Wednesday, September 28, 2011

An Ancient Greek Debt Solution

by Matthew Dalton

Wall Street Journal

September 28, 2011

The blade of sovereign default is hanging unsteadily over the neck of the euro zone. Greece will be first – of this investors are certain. But fears are rising that Ireland and Portugal will follow soon after.

So what should be done?

What’s past is prologue: History is littered with sovereign defaults. For some answers, let’s go back — WAY back.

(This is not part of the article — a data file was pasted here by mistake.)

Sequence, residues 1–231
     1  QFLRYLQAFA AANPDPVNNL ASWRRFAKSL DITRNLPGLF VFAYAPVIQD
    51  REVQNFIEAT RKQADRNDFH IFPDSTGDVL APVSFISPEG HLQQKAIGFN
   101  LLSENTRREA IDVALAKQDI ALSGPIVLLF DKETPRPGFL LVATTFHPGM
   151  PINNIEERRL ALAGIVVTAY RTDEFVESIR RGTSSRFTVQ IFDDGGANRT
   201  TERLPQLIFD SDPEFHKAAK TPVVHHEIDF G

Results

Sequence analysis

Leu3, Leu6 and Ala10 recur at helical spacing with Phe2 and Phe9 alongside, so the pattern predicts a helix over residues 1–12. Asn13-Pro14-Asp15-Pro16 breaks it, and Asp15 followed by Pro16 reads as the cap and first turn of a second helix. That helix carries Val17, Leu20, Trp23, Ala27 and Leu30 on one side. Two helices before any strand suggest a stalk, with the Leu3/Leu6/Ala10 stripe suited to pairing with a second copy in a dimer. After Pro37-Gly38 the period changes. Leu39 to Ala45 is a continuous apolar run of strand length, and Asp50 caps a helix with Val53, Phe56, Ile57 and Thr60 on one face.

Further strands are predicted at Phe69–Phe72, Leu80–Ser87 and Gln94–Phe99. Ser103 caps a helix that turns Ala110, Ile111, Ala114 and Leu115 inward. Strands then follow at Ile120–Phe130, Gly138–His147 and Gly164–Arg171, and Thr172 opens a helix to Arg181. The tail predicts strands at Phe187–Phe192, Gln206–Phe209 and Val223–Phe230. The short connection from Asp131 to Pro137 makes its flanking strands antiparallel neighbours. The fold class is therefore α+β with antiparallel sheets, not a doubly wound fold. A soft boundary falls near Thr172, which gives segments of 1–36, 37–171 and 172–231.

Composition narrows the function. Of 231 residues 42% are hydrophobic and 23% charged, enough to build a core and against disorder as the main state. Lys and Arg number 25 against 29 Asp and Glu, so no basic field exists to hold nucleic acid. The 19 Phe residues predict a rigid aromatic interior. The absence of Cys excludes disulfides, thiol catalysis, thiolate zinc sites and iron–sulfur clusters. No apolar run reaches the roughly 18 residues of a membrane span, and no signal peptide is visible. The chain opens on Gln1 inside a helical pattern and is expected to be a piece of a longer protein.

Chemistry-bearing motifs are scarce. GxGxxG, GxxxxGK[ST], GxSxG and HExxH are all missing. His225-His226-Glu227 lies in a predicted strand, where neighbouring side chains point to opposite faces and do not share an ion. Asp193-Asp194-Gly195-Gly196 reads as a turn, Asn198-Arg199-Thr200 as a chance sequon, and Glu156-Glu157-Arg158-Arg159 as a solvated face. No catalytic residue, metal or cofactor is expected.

The first recorded sovereign default appears to have happened in, um, Greece, according to Foreign Bonds: An Autopsy, by Max Winkler and Thomas H. Healy. (In fairness to Greece, the first recorded instances of many things are in Greece. )

The year was around 400 B.C.; Plato was an up-and-coming young philosopher; and Dionysius of Syracuse, a noted tyrant, had a problem: He’d borrowed too much money from his subjects.

Dionysius’s solution was to appeal to the solidarity of tribes all across Europe to pool their money into a giant pot that would repay Dionysius’s debts.


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